Commercialization of the Old School Part 2: Judgment Day
In the first post about commercialization of the OSR, I stopped short just before reaching James Raggi’s Lamentations of the Flame Princess game, which I think represents the cusp of the evolving shift into a matured market. I realized, though, that Jim actually probably falls into the earlier phase, since the current phase might best be characterized by the appearance of “outside” publishers as well as numbers of small publishers, and Jim’s definitely not an outsider to the community. So I probably broke my history into the wrong phases.
In any case, just to clarify, the for-profit “market” operates within the context of hobby message-boards and disparate blogs – I don’t mean to suggest that the commercial side of the OSR is the sum totality of the OSR. Quite the contrary, in fact. Because I have been tracing the commercializing trend, though, I’ve basically ignored (up until now) the fact that the for-profit publishers like me are similar to the birds that clean hippopotamus teeth – they can’t exist without the hippopotamus. In this post I want to focus on the question of whether we’re the equivalent of the tooth-cleaning bird, or whether the proper analogy is to a blood-sucking lamprey instead. In either case, it’s time to broaden the context a bit and look at the old-school community outside the for-profit publishers.
First of all, the way I evaluate “good” and “bad” in this discussion is based on the idea that we’re judging things based on whether it is productive or unproductive for the hobbyist community of old-school gamers. Mainly I’m thinking about the internet community, but there’s an elephant in the room: the gamers who aren’t interested in online discussions about gaming on the internet. I can completely relate to this – as a long-distance runner I have zero interest in reading blogs or articles about long-distance running. No interest at all. So I assume that there are plenty of old-school gamers who feel the same about the old-school internet community.
In addition to that relatively silent (majority?), there is a second offline aspect to the old-school gaming community, the old-school conventions. These are GaryCon and North Texas RPG Con. Granted, the critical mass for these endeavors probably comes from the availability of a thriving net community, but the events themselves are brick-and-mortar, face to face gaming. Great stuff. Thirdly, there are the non-specialized message boards – the largest I assume are, in order of size: Dragonsfoot, Knights & Knaves Alehouse, and ODD74. The Acaeum sort of appears in there, but since it’s about collecting rather than gaming, it’s a bit tangential. Fourthly, there’s the vast community of bloggers.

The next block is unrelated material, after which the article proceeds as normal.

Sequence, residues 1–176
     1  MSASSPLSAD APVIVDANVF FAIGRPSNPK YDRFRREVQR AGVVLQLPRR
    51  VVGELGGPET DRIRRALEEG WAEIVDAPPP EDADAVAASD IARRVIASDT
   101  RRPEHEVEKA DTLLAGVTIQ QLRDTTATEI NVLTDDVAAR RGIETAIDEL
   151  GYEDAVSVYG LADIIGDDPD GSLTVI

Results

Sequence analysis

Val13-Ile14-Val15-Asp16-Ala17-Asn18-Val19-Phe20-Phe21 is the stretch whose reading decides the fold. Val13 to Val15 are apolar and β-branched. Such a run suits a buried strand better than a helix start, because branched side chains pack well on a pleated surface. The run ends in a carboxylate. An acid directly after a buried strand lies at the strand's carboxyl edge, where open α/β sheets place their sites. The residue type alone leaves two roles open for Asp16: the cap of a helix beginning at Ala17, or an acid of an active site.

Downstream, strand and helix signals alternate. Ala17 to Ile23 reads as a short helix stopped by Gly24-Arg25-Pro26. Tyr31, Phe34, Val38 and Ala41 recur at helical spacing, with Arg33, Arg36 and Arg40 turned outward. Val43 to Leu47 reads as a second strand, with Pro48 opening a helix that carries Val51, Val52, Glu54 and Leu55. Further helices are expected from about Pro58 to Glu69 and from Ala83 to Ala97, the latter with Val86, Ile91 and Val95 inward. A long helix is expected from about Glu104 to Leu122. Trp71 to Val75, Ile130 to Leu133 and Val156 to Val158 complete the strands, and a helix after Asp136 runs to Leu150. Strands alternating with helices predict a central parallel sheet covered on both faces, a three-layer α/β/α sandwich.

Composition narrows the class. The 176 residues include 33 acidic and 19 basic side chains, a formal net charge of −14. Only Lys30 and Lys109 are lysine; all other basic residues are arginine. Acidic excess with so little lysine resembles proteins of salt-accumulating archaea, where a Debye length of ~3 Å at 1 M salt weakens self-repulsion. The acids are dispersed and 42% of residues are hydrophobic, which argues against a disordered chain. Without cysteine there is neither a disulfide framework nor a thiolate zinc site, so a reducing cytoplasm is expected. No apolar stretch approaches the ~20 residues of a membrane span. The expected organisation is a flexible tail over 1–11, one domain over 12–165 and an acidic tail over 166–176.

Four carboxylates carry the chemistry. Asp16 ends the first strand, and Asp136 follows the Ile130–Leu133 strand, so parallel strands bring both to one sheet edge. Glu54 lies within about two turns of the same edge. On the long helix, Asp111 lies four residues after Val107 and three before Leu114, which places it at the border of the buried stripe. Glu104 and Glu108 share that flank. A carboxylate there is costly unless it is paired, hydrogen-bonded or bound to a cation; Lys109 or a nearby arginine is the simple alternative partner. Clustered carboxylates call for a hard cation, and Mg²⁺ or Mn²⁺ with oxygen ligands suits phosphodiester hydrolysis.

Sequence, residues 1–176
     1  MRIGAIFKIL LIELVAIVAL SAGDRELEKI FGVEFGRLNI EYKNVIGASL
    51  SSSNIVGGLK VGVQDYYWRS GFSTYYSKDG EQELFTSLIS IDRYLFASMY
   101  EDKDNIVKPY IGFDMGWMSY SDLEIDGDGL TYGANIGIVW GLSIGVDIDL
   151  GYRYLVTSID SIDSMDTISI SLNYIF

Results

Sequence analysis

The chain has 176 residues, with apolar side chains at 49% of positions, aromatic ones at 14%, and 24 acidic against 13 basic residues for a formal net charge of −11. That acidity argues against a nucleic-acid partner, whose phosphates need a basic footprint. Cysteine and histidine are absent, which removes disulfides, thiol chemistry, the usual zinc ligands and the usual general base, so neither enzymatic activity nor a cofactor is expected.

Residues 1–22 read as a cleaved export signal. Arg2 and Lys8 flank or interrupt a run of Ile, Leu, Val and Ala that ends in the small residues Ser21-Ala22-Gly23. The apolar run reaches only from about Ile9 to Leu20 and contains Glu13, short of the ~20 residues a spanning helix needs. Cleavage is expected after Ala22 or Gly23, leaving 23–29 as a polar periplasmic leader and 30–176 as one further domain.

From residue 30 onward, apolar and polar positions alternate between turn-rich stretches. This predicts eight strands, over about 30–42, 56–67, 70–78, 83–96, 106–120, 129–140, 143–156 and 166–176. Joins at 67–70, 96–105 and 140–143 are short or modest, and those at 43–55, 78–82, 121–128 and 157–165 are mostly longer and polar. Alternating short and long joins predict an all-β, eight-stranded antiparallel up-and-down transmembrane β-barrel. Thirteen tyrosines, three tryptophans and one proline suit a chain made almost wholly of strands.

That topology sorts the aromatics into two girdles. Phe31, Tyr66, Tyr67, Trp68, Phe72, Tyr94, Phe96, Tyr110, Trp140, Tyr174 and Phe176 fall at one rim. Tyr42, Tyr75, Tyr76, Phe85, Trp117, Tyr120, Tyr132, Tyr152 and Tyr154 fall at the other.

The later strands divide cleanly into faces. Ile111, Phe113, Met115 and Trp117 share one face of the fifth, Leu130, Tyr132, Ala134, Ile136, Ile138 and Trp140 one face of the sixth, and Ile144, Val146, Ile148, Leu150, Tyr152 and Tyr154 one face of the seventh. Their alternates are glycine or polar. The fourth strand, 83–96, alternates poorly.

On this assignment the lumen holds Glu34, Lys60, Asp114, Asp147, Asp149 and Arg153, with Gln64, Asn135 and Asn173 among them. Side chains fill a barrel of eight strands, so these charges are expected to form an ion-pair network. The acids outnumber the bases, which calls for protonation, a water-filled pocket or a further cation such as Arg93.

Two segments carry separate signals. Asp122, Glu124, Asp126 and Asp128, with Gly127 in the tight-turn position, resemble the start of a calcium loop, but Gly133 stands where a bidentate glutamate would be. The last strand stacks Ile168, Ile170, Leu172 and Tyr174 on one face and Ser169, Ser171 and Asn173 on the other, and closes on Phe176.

What is the effect of having for-profit publishers appearing in these various sub-parts of our community?
A few people believe that on moral grounds it is inappropriate to profit from a hobby at all. When I’ve seen this viewpoint expressed, it’s usually predicated on the position that since all resources for roleplaying games derive from the work of the original authors, even modules, that it’s like thievery to profit from such a resource. I’m not going to spend any time on this viewpoint because frankly I think it’s so weak that it would be a straw-man attack if I did. Resources have been published by third-party publishers ever since mimeograph machines fired up across the USA to publish modules and other resources in response to the 1974 publication of OD&D. That doesn’t make it morally justified, if you happen to think that it’s immoral, but most people would place the line further back, at the question of whether for-profit resources are productive or unproductive to the community.
One aspect of for-profit publishing is that it allows the publisher to hire the skills he doesn’t personally have, whether that’s illustrating, doing layout, editing, or whatever. I’d like to add something else to that list: printing, handling money, packaging, and sending things in the mail – in other words, the back office tasks that are involved in distributing something.
The OSR of 2004 had effectively two distribution channels: Dragonsfoot (free materials) and Troll Lord Games (some C&C freebies and some for-profit). If you had a great module that you wanted to share with others, you could either hand it to Dragonsfoot or sell or give it to the Troll Lords. In both cases, that’s all you had to do: volunteers at DF would edit and illustrate your resource, and it would get posted in the DF archive. You didn’t have to pay money for printing it (although it’s true that it wouldn’t get printed except at people’s houses), and you didn’t have to maintain your own website to store it. You didn’t have to do any publicity for it, because people would find it at DF, where the vast majority of the community was centered. And TLG operated in similar fashion, as long as your resource was written for Castles & Crusades.